A walking tour of Port of Spain

Park Street complete with street vendor’s mobile unit

Here is part two and the follow-up to my last post dedicated to a few sites around Port of Spain, Trinidad & Tobago. This is my attempt to highlight a bit more than beaches and carnival and to help you experience the city like a local. My last post alluded to the rich history of this city. Today you will be treated to some of the architecture and street vibe. The next and last installment will take you “behind the scenes” to get a sense of money matters in this booming island. Enjoy!

The men gather for a game of chess and “ole talk” beneath the trees. On the other side of the Park lies “The University of Woodford Square” – a popular shady spot where persons from all walks of life gather to debate politics, economics, current local & international affairs and culture. Discussions can range from gentlemanly altruism to very lively and quite “rowdy”, but you’ll definitely learn a thing or two. It is an old tradition not to be missed if you’re ever visiting.
One of the many local restaurants and bars to be found along Ariapita Avenue, Woodbrook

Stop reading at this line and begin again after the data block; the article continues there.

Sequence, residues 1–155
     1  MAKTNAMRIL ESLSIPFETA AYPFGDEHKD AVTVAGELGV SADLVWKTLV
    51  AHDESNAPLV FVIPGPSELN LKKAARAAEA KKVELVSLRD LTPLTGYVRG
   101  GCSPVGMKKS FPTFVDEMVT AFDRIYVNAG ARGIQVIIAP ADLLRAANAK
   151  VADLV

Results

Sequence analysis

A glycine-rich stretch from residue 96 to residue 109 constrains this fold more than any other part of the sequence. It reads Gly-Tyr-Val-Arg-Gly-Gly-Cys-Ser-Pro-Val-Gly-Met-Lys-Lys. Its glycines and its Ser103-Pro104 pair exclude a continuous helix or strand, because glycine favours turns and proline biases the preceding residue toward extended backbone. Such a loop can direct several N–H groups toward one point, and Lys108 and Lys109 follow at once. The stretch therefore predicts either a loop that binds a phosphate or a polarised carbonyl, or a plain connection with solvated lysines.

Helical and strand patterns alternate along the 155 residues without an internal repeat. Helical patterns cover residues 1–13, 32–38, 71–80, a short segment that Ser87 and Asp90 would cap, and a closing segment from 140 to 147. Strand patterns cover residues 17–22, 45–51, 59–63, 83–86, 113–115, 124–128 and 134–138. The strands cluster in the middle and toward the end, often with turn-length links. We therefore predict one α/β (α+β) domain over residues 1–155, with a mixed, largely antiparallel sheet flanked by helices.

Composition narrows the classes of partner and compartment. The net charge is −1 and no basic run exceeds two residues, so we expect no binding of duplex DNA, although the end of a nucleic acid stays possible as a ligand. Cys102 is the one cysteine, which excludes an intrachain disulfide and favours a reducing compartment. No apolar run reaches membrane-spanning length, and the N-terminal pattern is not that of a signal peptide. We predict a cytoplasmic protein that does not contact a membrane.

The Holy Trinity Anglican Cathedral on Hart Street was completed in 1823. Design inspired in the general spirit of Gothic Revival.
The beautiful Port of Spain Magistrate’s Court on St. Vincent Street
Gothic inspired Holy Rosary Cathedral at the corner of Park & Edward Streets
National Library and Information Service (NALIS) in the background. The Library also holds an impressive collection of West Indian books
The “Old” Police Headquarters on St. Vincent Street. The building was commissioned in 1876, gutted by fire in 1882, restored in 1884. It was again gutted by fire in the 1990 coup attempt but has since been restored. Once held the barracks of the old West India Regiment brought from Martinique in 1802. Originally built of limestone quarried from Picadilly Street and in the style of Italian Gothic. Currently houses the Museum of the Police Service of Trinidad & Tobago as well as the CID Department.
The very imposing “Hall of Justice” located in the heart of Port of Spain

To Be Continued… Upcoming: “Behind the Scenes, Money Matters in Trinbago”. Stay tuned!

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3 thoughts on “A walking tour of Port of Spain”

  1. It’s been a great pleasure seeing the sights of Port of Spain. When I used to travel to other countries, I always like to walk around… that seemed the best way to get to know people and understand a bit of what was going on. Sometimes the back alleys too… And I love the sea side, which I imagine you have a lot of, being an island. The fishermen are usually very colorful and lovely people.

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